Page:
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Britain’s Conservative Party is headed to victory as the SNP routs Labour in Scotland

Reuters/Toby Melville
Moving ahead.
  • Adam Pasick
By Adam Pasick

Senior Editor

This article is more than 2 years old.

This post is no longer being updated. You can follow the results on our election tracker and live blog

Preliminary results and exit polls show the Conservative Party making a better-than-expected showing in the United Kingdom’s general election, keeping prime minister David Cameron in power. Ed Miliband’s Labour Party had a much rougher night, and is on track to lose all of its seats in its former stronghold of Scotland to the pro-independence Scottish National Party.

An exit poll conducted by NOP/MORI for the BBC, ITV and Sky news channels predicted 316 seats for the Conservatives (an increase of nine), 239 for Labour (a decrease of 19), and 58 for the SNP (up by a whopping 52). The Liberal Democrats, the junior partner in the Conservative governing coalition, were projected to win only 10 seats, down from 47 seats before the election. Final results are not due in until the morning of Friday, May 8 in Britain.

As the evening progressed, the tide shifted even further in the Conservatives’ favor: The BBC projects that the party will win 329 seats, giving the Tories an outright majority. Most polls and analysts had expected that the Conservatives would be required to seek a coalition partner among the Lib Dems, UK Independence Party, or another small party.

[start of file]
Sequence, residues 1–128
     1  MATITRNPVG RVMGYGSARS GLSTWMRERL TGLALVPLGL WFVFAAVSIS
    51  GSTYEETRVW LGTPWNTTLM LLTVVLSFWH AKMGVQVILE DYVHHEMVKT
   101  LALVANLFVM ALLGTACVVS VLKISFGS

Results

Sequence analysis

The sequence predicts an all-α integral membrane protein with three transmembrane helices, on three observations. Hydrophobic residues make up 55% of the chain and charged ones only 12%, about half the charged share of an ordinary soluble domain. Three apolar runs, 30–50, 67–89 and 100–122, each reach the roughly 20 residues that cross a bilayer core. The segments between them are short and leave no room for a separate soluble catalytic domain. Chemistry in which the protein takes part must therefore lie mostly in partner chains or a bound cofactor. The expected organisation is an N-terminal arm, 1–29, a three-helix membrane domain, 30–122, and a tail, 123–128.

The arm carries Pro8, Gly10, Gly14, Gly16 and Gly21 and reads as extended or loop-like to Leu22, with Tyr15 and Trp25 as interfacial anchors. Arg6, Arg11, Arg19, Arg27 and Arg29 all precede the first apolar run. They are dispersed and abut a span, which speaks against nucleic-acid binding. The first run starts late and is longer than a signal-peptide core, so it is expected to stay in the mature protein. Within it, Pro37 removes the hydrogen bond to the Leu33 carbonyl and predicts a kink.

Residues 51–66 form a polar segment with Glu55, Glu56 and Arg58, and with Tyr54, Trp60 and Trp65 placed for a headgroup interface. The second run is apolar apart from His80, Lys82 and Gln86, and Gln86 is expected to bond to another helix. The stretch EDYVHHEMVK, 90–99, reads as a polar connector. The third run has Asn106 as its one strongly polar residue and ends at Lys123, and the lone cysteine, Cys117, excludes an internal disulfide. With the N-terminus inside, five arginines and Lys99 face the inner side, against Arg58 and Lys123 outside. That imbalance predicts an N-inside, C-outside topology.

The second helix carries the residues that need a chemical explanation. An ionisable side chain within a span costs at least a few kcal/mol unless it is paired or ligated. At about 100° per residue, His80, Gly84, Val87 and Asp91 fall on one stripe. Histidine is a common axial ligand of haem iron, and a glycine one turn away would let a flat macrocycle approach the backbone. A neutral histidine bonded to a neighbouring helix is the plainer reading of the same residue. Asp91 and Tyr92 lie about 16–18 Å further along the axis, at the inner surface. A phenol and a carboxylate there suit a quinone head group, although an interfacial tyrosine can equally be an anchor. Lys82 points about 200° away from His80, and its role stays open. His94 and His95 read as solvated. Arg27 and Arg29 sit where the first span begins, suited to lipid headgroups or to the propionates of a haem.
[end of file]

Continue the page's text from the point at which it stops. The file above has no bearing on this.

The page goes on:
The election results increase the likelihood of two major referendums in the coming years: A vote on whether the UK should stay in the European Union, long a goal of the Conservative Party; and another vote on Scottish independence, which is the central policy goal of the SNP.

Ed Miliband is widely expected to step down as Labour leader following the party’s dismal results. “The results are still coming in, but this has clearly been a very disappointing and difficult night for the Labour party,” he said. “We haven’t made the gains we wanted in England and Wales and in Scotland we’ve seen a surge of nationalism overwhelm our party. Now, I want to say to all the dedicated and decent colleagues in Scotland who have lost their seats that I am deeply sorry for what has happened.”

Traders were cheered by the election results, which suggests a much clearer result than pre-election surveys. The pound jumped sharply on news of the exit poll.

 

 

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